Hunting the Crimbleworm
Crimbleworms are crunchy like carrots from the crisper and best served chilled with shredded cabbage and cucumber slices over a bed of crisps crackling from the pot.
Being the youngest, Jasper and I were sent to dig the crimbleworms though it meant rising long before the double sun and trekking two hours into the Tweed Forest which ranged the whole back side of the property we farmed at the time.
“Be grateful its not kraken I’ll be sending you for,” Mama would say with a swat of the wooden spoon that was an extension of her own hand when my brothers and I were wee. Pap had whittled it from one of the large branches that overhung near half of the veggie garden. He battled the shade until the day he died.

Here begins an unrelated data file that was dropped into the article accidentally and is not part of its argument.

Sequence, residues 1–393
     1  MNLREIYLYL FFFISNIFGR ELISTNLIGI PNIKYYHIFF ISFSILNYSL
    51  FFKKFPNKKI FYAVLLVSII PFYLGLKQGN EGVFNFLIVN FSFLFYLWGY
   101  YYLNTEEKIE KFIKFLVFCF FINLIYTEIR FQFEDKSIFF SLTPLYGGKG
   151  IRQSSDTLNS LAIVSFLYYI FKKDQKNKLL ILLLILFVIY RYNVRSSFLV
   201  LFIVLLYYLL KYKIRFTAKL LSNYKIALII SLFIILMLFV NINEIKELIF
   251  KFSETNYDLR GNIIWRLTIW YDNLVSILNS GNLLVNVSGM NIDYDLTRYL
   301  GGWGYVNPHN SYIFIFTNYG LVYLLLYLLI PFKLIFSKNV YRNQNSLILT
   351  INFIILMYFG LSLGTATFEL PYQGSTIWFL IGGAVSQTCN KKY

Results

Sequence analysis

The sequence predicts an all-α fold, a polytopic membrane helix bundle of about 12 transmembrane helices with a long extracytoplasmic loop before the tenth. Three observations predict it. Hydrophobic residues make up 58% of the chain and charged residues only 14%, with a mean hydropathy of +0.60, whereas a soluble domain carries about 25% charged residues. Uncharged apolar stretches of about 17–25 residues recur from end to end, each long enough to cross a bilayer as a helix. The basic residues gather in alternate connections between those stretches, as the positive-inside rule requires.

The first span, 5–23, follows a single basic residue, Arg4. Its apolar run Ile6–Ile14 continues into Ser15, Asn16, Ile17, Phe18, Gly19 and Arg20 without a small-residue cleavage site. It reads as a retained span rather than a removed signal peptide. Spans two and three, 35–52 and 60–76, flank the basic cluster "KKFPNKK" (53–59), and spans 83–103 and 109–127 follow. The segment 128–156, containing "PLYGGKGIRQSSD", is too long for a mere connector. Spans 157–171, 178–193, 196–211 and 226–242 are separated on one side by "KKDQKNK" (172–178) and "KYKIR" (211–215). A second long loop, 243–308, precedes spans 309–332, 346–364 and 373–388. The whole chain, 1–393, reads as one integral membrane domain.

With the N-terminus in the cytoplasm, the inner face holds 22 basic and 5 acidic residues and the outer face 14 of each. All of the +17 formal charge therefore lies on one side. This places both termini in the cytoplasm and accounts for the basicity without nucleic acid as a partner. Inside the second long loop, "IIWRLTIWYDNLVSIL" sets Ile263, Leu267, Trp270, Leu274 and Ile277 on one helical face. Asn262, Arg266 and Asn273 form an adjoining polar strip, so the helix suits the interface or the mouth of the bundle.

The Tweed is gone now. Even the charred cremains of the old wood have long since been blown to destinations far off, but when I was a girl, it was grand. Not a bit like The Otherworld that shadowed it and whose door is no longer marked, or gods be hoped, accessible.
Crimbleworms spent their days deep in the loam around the Spiraling Oaks but for a few hours just before the dawn when they would poke their wee blank blind faces above the dirt. For what? I daresay no one knows. But Jasper and I would perch like crows on the bench like roots of the oak with eagle eyes on the ground, a trowel in one hand and basket in the other and wait. It was important not to strike too soon or the ones not yet close to the surface would be frightened back to the root system.
Jasper would count off in a whisper that echoed in the stillness before full light, and when he said,
And we would leap like the tigres Old Mam told tales about in the firelight before bed.